Thus the Ring Nebula reminds me that all things have a life cycle, including stars, and like a star, whether we burn up quickly like my father did (he was only 45 when he died) or we burn evenly and long like our sun, no matter what, we will die. The question then we have to ask is what beauty will we leave behind? Just like a planetary nebula leaves a beautiful nebula for a short time, what will we leave when we are gone? Hopefully it is the impact in a positive way that we've had first with our family and loved ones, next with other human beings. Hopefully our legacy is like the planetary's, we live a halo of light around those we have loved that inspires, and helps them through their life's course.

Edit: I added a sketch to reflect what I saw, which I guess should show Sulafat and Sheliak with the M57 where it belong but here I added detail from what I could recall. I may have the alignment all messed up. Again, at magnitude 9 + I am not sure on this, but I really do think I may have seen it.

Lastly, M31 was almost vertically above me so I decided to look straight up. Sure enough I found her and she was glorious. The halo of the galaxy showed as did a tight but bright core. Here was light, photons, that had taken 2.4 million years to reach me. That humbles me and I often wonder who might have been looking at me from that galaxy 2.4 million years ago and where are their species now? Is there life out there? I firmly believe so in a variety of forms. Intelligent life, I have to hope so, and that is what M31 means to me this night, an emblem of hope, and not just of other, hopefully wiser and more intelligent life out in the universe. M31 reminds me that I need to have hope that regardless of what I may observe each day, that if enough of us would live our lives to better each other, that both we as individuals and we as a species will not only survive, but thrive by reaching out to space and to each other. Sounds nice, and I need that hope, because I find as I get older, I am becoming more of a skeptic. I think we all need hope that humankind will improve as we move out.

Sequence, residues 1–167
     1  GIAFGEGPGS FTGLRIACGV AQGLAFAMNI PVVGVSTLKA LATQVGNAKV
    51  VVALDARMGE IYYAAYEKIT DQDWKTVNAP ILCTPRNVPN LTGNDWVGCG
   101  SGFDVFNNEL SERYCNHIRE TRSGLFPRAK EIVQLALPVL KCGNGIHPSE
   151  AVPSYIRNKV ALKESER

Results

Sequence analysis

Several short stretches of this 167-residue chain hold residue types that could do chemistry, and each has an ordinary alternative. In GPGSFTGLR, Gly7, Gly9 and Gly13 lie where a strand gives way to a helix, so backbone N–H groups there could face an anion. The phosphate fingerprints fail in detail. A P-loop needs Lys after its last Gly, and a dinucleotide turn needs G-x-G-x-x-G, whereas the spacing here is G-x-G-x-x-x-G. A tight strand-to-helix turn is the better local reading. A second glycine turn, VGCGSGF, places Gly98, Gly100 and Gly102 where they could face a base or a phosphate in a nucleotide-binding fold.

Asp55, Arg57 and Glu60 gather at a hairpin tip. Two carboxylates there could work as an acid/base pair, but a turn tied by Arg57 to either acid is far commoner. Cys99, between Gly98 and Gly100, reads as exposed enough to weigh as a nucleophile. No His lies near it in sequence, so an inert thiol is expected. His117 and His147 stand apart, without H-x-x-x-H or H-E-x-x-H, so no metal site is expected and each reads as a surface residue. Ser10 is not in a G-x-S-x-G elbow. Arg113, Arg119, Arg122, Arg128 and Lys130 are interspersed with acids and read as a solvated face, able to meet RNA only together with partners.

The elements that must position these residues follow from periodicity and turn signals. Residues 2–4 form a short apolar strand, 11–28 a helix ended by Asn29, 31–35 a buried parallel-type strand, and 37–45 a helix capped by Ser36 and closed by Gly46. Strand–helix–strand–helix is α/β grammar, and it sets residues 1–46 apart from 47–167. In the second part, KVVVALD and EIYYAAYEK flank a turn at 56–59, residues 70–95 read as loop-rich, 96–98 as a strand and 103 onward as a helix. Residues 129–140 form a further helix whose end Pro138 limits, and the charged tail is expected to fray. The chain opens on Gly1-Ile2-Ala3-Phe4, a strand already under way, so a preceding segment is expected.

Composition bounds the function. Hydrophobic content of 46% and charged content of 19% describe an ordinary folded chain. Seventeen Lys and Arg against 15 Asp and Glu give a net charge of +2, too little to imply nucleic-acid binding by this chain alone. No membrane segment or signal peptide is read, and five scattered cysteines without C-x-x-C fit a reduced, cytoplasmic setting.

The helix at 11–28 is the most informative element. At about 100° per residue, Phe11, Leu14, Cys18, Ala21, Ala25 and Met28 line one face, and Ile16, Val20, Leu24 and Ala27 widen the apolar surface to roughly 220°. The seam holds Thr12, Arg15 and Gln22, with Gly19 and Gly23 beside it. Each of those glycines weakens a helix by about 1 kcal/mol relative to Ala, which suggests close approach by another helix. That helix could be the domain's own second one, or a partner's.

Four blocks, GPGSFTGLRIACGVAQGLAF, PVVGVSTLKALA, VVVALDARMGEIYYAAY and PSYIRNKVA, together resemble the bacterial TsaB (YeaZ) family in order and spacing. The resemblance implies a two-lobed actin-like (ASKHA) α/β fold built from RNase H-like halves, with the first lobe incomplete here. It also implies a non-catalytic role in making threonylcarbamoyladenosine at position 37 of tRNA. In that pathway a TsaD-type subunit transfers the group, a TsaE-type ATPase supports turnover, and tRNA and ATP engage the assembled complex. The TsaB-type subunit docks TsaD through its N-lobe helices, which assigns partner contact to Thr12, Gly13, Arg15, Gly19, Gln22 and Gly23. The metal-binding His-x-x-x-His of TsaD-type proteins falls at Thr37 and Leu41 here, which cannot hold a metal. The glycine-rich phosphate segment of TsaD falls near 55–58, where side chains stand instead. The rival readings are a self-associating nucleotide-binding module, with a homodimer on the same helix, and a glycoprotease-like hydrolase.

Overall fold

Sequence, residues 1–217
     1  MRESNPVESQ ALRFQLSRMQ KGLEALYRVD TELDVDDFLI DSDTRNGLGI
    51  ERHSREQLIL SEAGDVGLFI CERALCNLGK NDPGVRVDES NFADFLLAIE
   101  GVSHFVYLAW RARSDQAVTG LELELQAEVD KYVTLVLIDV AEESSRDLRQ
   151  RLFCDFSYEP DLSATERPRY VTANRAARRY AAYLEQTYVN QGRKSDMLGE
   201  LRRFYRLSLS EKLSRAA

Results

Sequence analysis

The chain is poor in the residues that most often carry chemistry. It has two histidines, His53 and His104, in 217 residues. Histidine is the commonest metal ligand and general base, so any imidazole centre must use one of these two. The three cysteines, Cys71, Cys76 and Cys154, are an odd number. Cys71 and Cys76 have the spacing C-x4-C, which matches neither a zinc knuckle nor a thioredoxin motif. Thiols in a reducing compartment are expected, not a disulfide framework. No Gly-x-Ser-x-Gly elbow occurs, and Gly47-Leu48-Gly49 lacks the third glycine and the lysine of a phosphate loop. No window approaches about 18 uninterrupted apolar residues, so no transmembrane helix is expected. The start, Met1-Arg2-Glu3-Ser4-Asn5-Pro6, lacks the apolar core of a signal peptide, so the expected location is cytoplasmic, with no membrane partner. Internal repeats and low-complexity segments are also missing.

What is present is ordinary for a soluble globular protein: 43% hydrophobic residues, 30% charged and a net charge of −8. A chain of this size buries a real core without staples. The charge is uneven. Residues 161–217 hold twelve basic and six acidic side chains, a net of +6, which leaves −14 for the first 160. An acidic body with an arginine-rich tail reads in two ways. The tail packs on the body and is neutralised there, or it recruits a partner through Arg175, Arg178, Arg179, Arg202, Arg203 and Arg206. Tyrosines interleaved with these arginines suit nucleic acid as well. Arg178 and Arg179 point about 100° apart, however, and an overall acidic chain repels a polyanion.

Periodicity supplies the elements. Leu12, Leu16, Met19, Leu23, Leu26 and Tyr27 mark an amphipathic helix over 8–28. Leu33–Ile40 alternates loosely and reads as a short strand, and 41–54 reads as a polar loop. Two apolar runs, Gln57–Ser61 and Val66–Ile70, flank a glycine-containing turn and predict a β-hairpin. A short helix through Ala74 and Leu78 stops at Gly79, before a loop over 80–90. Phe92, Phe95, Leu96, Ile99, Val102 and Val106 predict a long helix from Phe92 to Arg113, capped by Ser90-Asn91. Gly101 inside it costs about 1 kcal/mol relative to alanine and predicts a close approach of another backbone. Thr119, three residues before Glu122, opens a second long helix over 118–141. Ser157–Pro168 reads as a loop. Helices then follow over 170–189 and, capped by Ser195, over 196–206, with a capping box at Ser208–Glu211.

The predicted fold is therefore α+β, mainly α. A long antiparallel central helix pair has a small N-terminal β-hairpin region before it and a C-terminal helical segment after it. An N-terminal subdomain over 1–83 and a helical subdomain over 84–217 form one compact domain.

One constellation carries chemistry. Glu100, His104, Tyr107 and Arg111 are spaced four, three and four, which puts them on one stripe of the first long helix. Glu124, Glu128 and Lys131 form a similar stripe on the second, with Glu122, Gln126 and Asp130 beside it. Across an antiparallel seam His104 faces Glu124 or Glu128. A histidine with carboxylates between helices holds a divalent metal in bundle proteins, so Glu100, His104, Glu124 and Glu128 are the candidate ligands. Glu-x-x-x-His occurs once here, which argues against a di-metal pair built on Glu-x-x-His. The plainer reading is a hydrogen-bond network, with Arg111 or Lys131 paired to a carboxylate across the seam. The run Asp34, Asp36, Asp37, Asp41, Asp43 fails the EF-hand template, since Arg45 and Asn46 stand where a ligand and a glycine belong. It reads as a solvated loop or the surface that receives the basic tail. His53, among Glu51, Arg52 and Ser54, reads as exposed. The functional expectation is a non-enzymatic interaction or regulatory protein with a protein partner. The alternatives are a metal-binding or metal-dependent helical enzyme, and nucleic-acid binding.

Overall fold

So, this hasn't been my usual post I know. It was a wonderful night that lasted just over an hour. Sometimes just cuddling into a blanket, dressed for cold weather and observing objects with binoculars and coming inside to some nice hot chocolate is just what this batter body and spirit needed tonight. Sunday, Monday and Tuesday are suppose to be clear and cold, so I am heading out to take a look those nights.

Be grateful, be awed, don't take views or others for granted, and remember to have hope, not only this night, not only in the coming holiday season, but lets have hope and live with hope by our actions and interactions with each other each day to the best of our ability that day. Clear skies to you.

P.S. No sketches, no images, and I'll keep the two sketches I did to me. My daughter is on her first date tonight (a couples date) . . . . and I'll be waiting for her to come home.